According to the author in 2010 ‘Quit Kashmir Movement’, uniformed men murdered youth discriminately. The targeted killing of youth was to terrorise people into submission. Six women, 3 children below the age of 12 and 50 youth from the age group of 12-20 were among 125 people killed in 2010.  Not all of them were part of protests. Many of them were beaten to death or drowned when caught alone. Some were targeted point blank and others like Fayaz Ahmad Naik were killed in saving the honour of a woman. According to the author, Fayaz, who had never taken part in any protest, was escaping to another locality from the fear of troopers. “But when Fayaz stepped out from his home,” quotes author from the eye witnesses, “he saw troopers beating a woman. Her veil had fallen and instinctively he picked the veil from road and run toward woman to hand it over to her. The troopers disliked his action and pumped bullets in him. ”  As you go on reading the book you learn how inhuman police has become in Kashmir toward their own compatriots. After several people were killed in Tangmarg and the then Home Minister of India visited the area, government announced that all people injured in the firing should registrar themselves for compensation. Police detained all those who registered their names for compensation. They were released only after they paid ransom to the police but not before FIRs were also filed against them. About the ex-gratia the author mentions many families who refused to take any blood money. There were also rare occasions when families took blood money. But next day, the author writes, such families were called to police station. The author mentions the case of Milad Ahmad Dar from Islamabad, who was not yet 10 years of age. After being killed his father was pressurised to withdraw FIR. He refused. “One day”, says Milad’s father, “DC office Islamabad called me and handed over Rs five lakh cheque. Next day police station Khanbal ordered me to report at their station and persons from CIK, CID there asked me to share the blood money or otherwise the cheque will be taken back.”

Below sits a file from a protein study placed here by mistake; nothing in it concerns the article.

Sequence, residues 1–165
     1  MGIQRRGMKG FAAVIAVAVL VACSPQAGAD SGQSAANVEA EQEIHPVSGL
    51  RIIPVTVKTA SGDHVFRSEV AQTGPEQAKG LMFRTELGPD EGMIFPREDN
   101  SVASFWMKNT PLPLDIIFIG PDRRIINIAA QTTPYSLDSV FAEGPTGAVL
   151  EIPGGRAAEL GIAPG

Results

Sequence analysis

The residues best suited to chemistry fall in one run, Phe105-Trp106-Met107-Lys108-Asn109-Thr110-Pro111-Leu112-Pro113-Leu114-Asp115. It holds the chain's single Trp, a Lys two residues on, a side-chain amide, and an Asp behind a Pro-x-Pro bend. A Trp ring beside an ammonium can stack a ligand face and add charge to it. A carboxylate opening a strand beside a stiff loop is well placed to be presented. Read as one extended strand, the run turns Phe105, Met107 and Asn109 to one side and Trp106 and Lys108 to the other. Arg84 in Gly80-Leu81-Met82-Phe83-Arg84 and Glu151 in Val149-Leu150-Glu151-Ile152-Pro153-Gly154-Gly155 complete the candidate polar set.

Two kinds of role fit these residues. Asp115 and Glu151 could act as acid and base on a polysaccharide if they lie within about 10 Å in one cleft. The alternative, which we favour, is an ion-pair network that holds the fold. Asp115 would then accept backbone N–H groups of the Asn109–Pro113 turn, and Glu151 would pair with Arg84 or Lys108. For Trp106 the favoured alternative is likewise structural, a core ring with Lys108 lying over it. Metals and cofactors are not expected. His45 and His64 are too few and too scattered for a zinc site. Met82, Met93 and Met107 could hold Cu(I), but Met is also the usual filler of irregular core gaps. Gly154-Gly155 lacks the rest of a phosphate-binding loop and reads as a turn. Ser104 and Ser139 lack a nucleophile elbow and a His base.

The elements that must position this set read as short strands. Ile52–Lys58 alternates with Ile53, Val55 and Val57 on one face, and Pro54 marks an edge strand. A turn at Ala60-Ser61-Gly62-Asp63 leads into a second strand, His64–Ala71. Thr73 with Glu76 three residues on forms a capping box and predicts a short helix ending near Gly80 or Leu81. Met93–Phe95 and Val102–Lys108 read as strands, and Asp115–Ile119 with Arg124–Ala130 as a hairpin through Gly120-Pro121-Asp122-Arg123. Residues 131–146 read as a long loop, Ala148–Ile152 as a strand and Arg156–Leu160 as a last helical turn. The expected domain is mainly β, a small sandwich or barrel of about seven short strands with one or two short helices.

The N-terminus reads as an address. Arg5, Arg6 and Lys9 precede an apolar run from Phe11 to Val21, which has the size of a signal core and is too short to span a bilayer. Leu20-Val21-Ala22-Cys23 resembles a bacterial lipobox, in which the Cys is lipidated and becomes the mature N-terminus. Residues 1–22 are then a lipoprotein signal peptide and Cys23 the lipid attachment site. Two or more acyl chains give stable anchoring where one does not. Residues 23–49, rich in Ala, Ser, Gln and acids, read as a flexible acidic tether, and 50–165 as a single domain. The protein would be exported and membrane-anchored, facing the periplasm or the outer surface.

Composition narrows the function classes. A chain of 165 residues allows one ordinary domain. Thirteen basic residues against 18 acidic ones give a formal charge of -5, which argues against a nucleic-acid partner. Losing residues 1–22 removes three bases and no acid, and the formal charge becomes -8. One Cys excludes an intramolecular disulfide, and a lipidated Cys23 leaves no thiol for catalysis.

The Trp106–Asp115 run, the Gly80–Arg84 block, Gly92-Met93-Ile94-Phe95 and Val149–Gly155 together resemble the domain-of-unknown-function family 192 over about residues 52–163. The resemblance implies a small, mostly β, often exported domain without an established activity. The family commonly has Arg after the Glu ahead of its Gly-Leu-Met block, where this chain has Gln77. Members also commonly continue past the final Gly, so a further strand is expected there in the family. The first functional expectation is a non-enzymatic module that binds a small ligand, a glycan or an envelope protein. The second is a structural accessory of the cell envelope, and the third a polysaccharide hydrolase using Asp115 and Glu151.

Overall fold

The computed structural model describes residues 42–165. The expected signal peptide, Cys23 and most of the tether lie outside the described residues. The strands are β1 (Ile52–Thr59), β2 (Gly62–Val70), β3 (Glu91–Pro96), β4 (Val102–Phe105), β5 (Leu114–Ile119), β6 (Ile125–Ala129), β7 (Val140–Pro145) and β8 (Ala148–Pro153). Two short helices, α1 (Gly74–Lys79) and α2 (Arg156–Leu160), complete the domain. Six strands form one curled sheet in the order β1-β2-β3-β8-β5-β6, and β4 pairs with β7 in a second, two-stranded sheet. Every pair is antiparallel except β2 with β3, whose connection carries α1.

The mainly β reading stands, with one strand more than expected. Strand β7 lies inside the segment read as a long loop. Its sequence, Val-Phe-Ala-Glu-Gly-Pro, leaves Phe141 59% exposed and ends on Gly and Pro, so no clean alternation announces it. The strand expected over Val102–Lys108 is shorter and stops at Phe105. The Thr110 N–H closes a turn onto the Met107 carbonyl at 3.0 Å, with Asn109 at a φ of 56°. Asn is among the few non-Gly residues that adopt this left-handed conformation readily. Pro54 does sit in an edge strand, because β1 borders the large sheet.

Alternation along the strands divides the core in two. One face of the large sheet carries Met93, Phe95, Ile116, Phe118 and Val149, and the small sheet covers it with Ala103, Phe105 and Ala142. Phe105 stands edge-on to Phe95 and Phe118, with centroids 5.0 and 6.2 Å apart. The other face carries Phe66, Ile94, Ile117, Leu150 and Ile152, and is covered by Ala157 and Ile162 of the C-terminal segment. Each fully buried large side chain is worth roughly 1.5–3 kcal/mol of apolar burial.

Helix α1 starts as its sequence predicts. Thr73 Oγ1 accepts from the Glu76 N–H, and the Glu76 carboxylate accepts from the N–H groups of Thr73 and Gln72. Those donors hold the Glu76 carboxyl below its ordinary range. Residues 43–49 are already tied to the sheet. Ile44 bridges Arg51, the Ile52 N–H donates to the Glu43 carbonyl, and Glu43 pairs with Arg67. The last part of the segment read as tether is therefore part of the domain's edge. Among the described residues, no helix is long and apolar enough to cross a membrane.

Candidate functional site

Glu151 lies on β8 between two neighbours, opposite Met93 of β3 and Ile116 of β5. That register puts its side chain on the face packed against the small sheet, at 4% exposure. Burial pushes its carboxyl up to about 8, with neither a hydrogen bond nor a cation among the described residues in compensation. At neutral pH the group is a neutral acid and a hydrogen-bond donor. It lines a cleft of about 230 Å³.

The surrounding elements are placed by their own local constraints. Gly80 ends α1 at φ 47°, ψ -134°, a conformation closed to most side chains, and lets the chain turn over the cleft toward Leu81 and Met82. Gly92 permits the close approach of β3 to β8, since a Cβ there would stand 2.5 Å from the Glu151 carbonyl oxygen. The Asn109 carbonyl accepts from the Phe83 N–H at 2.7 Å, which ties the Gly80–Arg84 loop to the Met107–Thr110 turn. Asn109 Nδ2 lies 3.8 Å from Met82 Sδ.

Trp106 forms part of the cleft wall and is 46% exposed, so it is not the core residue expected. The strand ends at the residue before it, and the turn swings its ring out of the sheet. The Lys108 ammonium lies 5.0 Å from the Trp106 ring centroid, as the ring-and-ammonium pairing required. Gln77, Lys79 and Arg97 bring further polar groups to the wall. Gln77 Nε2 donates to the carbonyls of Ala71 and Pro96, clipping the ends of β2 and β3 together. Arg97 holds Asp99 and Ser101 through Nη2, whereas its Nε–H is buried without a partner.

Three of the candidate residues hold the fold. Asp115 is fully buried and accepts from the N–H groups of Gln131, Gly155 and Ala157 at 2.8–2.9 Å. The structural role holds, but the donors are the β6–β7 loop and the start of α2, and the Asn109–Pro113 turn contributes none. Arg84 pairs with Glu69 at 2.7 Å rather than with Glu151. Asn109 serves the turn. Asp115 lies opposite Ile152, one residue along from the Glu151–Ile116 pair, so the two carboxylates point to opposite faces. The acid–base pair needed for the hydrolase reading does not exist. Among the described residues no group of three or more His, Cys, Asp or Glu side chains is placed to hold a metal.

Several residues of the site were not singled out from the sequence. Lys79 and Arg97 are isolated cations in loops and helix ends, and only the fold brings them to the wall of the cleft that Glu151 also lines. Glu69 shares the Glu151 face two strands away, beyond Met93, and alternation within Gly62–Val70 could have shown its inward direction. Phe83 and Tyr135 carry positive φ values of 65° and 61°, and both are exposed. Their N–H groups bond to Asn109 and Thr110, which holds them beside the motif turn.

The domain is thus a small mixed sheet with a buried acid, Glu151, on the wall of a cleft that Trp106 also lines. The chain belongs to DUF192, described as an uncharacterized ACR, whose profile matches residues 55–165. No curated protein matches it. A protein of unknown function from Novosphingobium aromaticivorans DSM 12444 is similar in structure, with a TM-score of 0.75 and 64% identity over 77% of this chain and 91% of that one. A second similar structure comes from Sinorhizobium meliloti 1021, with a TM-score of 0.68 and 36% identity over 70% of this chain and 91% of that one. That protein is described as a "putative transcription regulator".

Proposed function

Most of the family members, author quotes them, say that they know who killed their wards. It may not be surprise that since 2010 all those policemen killed may have been the same ones who actively took part in murdering youth. Most of the families are proud what their sons and daughters achieved. For them martyrdom is highest form of sacrifice. Unlike elites who are confused what Kashmiris want the poor have no such conundrum. They, says the author, are proud of the martyrdom their wards achieved for the sake of Islam and freedom. He narrates the incident of one young lady who encouraged protestors to continue protests when police run amok. As protestors took flight she showed them bangles which instinctively stopped youth who then continued their protest rigorously. The uniformed men shot her dead on seeing her pampering protestors.